Preserving acts of kindness for future generations.

A CivicTechYYC blockchain experiment

About the experiment

This experiment is an attempt to answer the question - how might we use blockchain technology to help preserve an existing dataset of volunteer deeds, long after the organization that created it (or the platform that hosted it) is gone?

A possible timeline

Technical approach

Proponents of blockchain technology speak at length about its decentralized, immutable qualities as a means to combat censorship, but we might also think of it as a means to combat atrophy and being forgotten.

Our goal is to make #3ThingsforCanada data as accessible as possible for as long as possible and as cheaply as possible. There are a bunch of approaches we might take, each with advantages and trade-offs.

As a starting point we're targeting the storage layer of the Ethereum Blockchain called 'The Swarm' (Update: actually we don't know what we're targeting yet), and using it to store the self-contained folder of HTML, CSS, Javascript, and one very special .CSV file that you see before you.

As a result, this web page is will not be hosted on a traditional web server but rather a series of decentralized nodes that also host and run Ethereum Smart Contracts. That's why the address of this page may will seem a little strange.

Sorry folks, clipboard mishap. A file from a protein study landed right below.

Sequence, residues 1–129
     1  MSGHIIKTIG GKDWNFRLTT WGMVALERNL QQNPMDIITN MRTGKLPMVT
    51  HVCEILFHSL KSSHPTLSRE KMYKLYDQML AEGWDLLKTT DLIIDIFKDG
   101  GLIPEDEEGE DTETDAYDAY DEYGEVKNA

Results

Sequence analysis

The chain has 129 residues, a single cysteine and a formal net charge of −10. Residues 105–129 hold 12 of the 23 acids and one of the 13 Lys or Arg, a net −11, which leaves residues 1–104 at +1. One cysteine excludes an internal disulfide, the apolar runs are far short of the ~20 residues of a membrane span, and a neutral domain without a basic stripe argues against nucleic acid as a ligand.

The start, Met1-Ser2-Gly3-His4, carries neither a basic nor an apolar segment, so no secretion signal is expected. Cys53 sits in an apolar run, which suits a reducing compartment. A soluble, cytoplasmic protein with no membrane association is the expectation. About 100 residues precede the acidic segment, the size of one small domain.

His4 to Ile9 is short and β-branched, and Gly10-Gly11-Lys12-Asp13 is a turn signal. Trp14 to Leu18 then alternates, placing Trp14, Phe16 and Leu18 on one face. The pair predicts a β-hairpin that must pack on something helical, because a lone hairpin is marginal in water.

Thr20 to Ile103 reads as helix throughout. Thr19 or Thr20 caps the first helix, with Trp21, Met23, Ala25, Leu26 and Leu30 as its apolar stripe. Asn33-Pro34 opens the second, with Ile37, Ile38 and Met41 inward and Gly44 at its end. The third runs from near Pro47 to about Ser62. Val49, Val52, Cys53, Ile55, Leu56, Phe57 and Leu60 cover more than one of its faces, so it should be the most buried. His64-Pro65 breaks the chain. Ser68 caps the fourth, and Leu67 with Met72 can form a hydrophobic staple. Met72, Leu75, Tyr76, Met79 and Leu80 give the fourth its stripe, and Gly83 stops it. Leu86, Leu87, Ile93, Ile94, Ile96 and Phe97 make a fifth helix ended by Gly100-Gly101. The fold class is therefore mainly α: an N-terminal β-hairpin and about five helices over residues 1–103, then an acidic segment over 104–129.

Uploading to Swarm seemed like a reasonable balance between cost and longevity. Sure we could put all of the data directly into an Ethereum Smart contract but we learned that the cost associated with this would be enormous - the most expensive data storage on the planet, by far. This is changing though, as new developments emerge on an almost hourly basis.

See it in action

Here it is - the #3ThingsforCanada data as obtained from Twitter (unfortunately Facebook doesn't play nice with this kind of thing). The entire dataset has been included, sorted on a (hidden) column flagging 'actual' good deeds as opposed to shout-outs, promotions, and the like. A few additional columns have been hidden for legibility. Browse below or download the entire dataset as a .csv file.

Members of our group have used this file to perform text and sentiment analyses, which yield some interesting insights about the 3ThingsforCanada initiative. Who knows what else people might do with this data in the future?